A thought on the scope of patent protection today

Suppose there are two researchers, X and Y, who separately study the same thing, say, new energy. X wants a patent right for a financial gain while Y wants to make his results freely accessible to the public. Unfortunately, X comes up with a result one day before Y. Now, people have to pay for X’s patent right. Did X contribute to the welfare of all mankind? If not, why should X be rewarded with monopoly? Can the general public demand to use Y’s technology instead of X’s for free by simply waiting one more day? Before Edison’s development of the bulb, no one had even imagined about such a thing. If it were not for him, mankind might have had to wait for a long time to have a bulb. Things are different in today’s world. Every researcher competes vigorously to win the speed game. This indicates that a new development is simply a matter of time. That is, today’s new finding would have been found by another researcher in the near future.

This leads me to question the current scope of patent right. Should we protect recent innovations with the same patent right as we did before? The reason why we allow monopoly through patent protection is to acknowledge the disclosure of new inventions, and not to simply reward the “first comer.” We can have access to the competitive price, rather than the monopoly price, by waiting for some more time.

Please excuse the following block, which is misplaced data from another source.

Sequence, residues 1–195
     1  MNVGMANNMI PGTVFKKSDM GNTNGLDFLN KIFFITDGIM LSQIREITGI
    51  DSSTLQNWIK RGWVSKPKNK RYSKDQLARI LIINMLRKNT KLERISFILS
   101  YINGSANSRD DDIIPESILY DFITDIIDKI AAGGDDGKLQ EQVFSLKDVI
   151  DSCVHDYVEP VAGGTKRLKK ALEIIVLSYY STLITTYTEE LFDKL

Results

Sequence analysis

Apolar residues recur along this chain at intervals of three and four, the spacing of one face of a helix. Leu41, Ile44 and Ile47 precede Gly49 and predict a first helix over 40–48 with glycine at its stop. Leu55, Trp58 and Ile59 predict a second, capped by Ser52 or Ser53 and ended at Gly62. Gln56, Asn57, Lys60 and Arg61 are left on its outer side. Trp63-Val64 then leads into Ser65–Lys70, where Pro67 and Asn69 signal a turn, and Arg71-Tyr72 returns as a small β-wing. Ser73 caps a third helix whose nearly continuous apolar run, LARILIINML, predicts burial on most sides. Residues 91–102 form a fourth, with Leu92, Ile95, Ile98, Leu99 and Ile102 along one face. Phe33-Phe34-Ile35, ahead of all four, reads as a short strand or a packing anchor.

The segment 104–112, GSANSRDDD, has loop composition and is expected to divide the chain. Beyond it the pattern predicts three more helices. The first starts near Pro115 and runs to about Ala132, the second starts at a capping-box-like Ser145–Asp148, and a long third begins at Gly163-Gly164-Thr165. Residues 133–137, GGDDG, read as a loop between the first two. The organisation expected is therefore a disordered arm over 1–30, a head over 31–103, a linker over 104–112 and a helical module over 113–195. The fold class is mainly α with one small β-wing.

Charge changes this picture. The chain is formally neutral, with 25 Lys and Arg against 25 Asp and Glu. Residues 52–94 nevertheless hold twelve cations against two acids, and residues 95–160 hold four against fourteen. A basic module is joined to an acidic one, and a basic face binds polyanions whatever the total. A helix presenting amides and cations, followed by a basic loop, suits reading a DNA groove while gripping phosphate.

There is another point to think about this. Let’s say that we do not allow a patent for the new Intel processor, even though Intel was the first to develop faster data managing technology. Would they give up innovation while AMD is chasing one step behind? To win the market, Intel has to invest continuously. Not only to win but also to survive in the printing market, HP has to invest time and money for innovation regardless of whether we protect their technology through intellectual property rights or not.

Nowadays, intellectual property is abused in biotechnology or information technology field. Many patents are used to press competitors to enrich the first-comers without providing meaningful benefit to the public. In the era where market competition alone can drive participants to advance and innovate, the justification for awarding monopoly in those fields significantly loses strength.

(0 votes. Average 0 of 5)